Not many diaries contain such laconic-sounding entries as: "Drove the children to school, then went to see the revolution," but then Andrey Kurkov is no ordinary dad doing the school run, and the recent overthrow of President Viktor Yanukovych of Ukraine was a strange kind of revolution. A novelist whose home was 500 yards from Kiev's central Maidan square, from last November until April he had a ringside seat at the popular revolt against the President and his Praetorian guard of pro-Russian cronies.
The prospect of reading Kurkov's diary initially inspired some trepidation because the thoughts of East European intellectuals do not always work well in English. The style can jar, and sound ponderous for Anglo-Saxon tastes. I need not have worried. Kurkov is not a prickly, status-conscious writer. He guides us through months of tumult in Kiev in the style of an informed but convivial flaneur, and his entries crackle with irony and humour. The revolution that unfolds through these pages has an old-fashioned air to it, almost as if it were a throwback to 1848 – although that is my reading, not the author's.
As in the time of the "Springtime of Nations", patriots deliver stirring speeches in the shadow of the statues of long-dead poets, students proclaim their willingness to die for the Motherland, open-air meetings commence with blessings from bishops and protesters shelter from the police in the sanctuary of monasteries. Clouds of incense seem to waft over many proceedings. At one point, all the heads of state of Ukraine – past and present – troop off to church to pray for guidance. That entry alone was a jolt. One struggles to imagine David Cameron, Gordon Brown, Tony Blair and John Major kneeling in a row in Westminster Abbey in search of divine guidance.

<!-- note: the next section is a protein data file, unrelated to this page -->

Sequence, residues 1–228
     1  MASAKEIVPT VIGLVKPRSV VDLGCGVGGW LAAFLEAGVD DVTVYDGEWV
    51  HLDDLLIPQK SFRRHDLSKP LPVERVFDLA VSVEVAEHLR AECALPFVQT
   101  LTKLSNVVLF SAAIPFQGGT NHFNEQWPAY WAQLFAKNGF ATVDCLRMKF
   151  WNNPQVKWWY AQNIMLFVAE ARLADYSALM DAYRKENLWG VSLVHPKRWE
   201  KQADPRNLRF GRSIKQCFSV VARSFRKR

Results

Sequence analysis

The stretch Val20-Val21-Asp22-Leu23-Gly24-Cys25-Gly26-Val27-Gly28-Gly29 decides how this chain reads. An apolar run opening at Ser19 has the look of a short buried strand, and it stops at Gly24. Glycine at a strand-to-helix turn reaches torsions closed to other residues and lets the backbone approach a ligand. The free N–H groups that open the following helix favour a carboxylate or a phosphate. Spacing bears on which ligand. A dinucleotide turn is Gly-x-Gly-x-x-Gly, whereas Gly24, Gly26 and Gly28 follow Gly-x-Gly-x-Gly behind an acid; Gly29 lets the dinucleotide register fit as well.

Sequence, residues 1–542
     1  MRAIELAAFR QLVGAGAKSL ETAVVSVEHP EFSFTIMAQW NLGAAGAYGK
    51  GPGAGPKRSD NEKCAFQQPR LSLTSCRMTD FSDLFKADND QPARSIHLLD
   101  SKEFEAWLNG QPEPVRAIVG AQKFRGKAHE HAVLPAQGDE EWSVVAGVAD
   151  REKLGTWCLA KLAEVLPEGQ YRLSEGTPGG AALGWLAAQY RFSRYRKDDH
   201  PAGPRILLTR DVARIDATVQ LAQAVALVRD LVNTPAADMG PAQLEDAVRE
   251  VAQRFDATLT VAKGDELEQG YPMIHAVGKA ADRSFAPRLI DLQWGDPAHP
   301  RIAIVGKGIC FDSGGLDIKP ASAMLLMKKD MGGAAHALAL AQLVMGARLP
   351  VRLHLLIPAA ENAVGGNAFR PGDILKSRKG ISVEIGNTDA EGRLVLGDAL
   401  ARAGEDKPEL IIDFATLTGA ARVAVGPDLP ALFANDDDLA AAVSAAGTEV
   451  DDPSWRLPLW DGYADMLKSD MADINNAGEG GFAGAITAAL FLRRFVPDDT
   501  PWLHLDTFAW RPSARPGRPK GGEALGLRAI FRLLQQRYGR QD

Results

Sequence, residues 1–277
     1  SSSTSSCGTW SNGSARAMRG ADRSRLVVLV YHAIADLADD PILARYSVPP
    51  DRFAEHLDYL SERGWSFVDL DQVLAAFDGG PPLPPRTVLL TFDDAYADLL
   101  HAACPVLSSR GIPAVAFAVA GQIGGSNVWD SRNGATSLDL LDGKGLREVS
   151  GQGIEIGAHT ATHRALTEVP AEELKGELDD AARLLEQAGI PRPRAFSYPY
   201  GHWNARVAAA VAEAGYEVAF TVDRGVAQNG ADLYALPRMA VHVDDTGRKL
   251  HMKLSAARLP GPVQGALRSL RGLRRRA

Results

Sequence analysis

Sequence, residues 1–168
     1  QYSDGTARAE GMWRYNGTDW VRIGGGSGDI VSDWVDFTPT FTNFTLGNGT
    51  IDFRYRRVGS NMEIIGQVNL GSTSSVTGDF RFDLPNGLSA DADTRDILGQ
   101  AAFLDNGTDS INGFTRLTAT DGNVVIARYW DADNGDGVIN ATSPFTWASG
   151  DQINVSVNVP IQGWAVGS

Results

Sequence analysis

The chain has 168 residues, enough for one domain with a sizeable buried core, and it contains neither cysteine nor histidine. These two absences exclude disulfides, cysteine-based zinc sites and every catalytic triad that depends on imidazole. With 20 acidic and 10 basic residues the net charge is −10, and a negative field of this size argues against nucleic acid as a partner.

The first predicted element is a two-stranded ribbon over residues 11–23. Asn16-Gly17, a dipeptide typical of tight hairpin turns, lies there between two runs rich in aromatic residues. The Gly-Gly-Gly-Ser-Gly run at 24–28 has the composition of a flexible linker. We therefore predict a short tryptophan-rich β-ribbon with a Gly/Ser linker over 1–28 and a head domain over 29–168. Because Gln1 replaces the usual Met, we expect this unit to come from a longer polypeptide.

Kurkov is not a disinterested observer, coolly weighing up the respective strengths of the pro-Russian and pro-Western parties in Ukraine as they slug it near his home. He supports the pro-European option with conviction, and with difficulty restrains his children from joining the students on the barricades down the road. His position in this battle clearly involved much soul-searching, as he himself is Russian by birth and ethnicity. He does not labour the point; it is only halfway through that he drops in the fact that his grandfather died in eastern Ukraine in 1943, fighting for the Soviet Union against Nazi Germany and its local Fascist allies. Yet, today, he stands alongside those whom the Russian authorities and media routinely call "Fascists", rendering himself deeply odious in the eyes of the Kremlin and its supporters. Their fury worries him, but he doesn't budge. It's the Russian nationalists who are the true Fascists in this situation, he maintains.
The struggle over Ukraine's destiny is often presented as a straightforward tug-of-war between Ukrainian-speakers living in the one half of the country and the Russian-speaking majority in the other. Kurkov's dilemma, and his response to it, are an important reminder that the dividing lines running through Ukraine have more to do with ideology than geography, language or ethnicity. A divided country indeed, but perhaps not divided on the lines we imagine.Reuse content